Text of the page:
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Security forces draws flak from US agency for human rights abuse

Indian security forces draws flak from US agency for human rights abuse
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A US State Department reports released on 14 April has criticised Indian police and security forces for human rights violations.  


The report titled 2015 Country reports onn Human Rights Practices was released by the US Secretary of State John Kerry in Washington.


Abuses by the police and security forces are the most significant human rights problem in India, the US State Department said today in a report.

"The most significant human rights problems involved police and security force abuses, including extra-judicial killings, torture, and rape; corruption remained widespread and contributed to ineffective responses to crimes, including those against women, children and members of scheduled castes or tribes; and societal violence based on gender, religious affiliation, and caste or tribe," the report states.

Kerry has written the following lines in the preface of the report: "The frequently grim examples detailed in this report strengthen our resolve to promote fundamental freedoms, to support human rights defenders and to document and promote accountability for violations of human rights".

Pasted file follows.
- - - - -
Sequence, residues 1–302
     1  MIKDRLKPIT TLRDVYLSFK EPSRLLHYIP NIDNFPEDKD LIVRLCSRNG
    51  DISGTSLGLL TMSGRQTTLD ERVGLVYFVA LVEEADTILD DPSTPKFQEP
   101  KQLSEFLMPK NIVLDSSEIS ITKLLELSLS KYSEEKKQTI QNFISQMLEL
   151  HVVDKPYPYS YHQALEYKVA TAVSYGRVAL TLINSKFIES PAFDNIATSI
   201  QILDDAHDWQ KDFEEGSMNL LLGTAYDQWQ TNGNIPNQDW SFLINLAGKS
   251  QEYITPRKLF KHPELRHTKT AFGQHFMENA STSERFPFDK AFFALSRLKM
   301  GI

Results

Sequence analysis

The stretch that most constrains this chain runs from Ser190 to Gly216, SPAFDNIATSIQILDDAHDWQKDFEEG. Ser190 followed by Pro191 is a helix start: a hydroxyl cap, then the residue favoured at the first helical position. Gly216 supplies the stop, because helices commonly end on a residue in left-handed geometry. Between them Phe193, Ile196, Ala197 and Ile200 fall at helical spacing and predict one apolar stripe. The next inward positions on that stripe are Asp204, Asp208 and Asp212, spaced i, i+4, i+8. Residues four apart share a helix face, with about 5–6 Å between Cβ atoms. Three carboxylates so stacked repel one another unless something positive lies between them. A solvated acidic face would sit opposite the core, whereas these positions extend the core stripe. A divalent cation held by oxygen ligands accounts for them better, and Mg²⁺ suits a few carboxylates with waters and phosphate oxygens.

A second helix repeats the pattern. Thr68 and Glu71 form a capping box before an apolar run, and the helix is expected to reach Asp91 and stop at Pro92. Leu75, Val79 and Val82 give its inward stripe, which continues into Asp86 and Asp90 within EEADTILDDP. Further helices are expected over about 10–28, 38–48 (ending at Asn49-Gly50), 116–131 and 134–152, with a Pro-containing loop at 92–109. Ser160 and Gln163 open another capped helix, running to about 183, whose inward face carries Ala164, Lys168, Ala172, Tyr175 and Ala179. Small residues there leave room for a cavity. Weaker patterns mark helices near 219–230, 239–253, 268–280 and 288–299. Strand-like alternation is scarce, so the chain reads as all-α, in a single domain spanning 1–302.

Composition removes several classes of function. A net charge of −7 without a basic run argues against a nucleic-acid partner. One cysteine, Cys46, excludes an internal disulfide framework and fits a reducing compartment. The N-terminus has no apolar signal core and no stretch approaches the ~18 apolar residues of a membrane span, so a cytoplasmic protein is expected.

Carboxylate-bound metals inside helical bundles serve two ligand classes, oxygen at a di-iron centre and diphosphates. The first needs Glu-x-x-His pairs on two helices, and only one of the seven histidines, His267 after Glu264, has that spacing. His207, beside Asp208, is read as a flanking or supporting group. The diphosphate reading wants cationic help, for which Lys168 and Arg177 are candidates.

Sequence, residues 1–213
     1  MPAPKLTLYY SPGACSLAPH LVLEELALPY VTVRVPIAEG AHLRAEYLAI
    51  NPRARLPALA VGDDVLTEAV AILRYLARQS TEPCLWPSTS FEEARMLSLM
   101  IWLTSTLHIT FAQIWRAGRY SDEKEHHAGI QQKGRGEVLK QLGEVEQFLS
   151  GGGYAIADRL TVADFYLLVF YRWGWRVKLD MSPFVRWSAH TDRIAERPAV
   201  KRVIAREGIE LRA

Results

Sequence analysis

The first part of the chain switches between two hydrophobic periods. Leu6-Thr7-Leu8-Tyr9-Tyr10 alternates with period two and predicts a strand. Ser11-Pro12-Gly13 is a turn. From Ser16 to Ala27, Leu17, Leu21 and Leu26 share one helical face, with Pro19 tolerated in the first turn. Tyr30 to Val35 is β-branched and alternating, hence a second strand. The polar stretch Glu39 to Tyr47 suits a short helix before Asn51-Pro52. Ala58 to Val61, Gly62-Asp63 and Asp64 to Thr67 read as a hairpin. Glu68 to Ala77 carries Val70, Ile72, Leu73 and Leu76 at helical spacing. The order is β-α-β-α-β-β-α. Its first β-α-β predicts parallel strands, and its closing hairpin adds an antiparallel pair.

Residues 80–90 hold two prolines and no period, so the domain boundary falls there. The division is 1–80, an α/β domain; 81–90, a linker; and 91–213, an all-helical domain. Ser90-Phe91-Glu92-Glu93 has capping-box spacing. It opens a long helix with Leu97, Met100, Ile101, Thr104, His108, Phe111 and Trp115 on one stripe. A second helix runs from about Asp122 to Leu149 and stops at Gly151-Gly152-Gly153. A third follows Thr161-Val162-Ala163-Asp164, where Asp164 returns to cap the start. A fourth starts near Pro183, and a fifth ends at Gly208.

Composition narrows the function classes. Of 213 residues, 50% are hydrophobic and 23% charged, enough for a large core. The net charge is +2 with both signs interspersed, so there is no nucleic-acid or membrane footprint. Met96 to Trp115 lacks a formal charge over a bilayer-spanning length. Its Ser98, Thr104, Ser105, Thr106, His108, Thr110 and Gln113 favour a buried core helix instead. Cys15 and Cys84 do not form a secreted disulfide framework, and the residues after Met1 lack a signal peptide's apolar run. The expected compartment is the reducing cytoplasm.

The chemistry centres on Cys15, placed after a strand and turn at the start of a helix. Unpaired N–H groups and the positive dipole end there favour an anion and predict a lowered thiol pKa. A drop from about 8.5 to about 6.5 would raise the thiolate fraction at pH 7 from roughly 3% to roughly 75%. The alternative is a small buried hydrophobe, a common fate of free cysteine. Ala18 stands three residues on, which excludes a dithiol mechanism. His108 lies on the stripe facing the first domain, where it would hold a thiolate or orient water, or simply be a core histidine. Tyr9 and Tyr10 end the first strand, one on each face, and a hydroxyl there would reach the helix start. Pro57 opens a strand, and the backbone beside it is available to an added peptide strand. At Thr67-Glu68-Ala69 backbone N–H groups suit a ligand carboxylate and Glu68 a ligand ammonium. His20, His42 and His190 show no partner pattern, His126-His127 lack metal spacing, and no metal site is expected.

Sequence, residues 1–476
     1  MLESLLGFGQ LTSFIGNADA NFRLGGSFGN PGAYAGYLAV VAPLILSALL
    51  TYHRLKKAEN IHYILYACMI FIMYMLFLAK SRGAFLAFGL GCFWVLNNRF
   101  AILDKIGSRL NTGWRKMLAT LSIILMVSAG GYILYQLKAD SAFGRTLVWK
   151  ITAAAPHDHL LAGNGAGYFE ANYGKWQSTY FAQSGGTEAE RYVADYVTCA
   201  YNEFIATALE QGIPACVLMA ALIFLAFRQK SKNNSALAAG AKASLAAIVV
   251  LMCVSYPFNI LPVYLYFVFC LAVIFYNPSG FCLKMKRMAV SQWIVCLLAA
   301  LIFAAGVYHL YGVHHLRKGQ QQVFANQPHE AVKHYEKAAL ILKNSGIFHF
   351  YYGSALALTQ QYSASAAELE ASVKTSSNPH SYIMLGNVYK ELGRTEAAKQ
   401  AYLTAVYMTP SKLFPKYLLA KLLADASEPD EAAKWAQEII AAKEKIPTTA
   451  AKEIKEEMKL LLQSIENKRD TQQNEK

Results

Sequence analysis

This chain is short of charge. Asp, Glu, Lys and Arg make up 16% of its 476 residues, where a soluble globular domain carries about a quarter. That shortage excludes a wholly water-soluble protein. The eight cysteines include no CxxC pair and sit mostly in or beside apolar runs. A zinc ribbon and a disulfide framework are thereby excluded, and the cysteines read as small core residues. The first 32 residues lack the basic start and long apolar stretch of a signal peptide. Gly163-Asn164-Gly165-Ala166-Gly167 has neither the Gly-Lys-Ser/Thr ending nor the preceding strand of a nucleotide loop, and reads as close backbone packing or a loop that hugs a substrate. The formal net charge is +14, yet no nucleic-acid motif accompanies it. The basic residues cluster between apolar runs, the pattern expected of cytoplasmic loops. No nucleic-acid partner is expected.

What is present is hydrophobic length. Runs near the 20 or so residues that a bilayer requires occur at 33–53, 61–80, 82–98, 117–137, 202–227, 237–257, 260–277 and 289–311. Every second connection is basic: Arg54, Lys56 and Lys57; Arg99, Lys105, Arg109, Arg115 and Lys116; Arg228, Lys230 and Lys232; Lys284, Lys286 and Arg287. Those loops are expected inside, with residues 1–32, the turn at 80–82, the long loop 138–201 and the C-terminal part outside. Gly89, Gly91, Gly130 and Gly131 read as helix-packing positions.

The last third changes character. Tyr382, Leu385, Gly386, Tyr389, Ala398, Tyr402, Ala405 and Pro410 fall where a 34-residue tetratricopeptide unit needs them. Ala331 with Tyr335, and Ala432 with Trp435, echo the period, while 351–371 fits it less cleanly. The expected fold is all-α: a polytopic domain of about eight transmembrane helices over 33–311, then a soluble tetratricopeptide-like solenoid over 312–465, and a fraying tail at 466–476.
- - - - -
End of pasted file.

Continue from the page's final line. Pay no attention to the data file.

The US agency remains critical of police abuse during the 2002 Gujrat riots.

The Department alleges “lack of accountability” for misconduct at all levels of government persisted, contributing to widespread impunity.

"Separatist insurgents and terrorists in Jammu and Kashmir, the northeastern states and the Maoist belt committed serious abuses, including killings of armed forces personnel, police, government officials and civilians. Insurgents were responsible for numerous cases of kidnapping, torture, rape, extortion and the use of child soldiers," the report said.

The report also highlight cases of disappearances, hazardous prison conditions, arbitrary arrest and detention and lengthy pretrial detention.

The report said court backlogs delayed or denied justice, including through lengthy pretrial detention and denial of due process.

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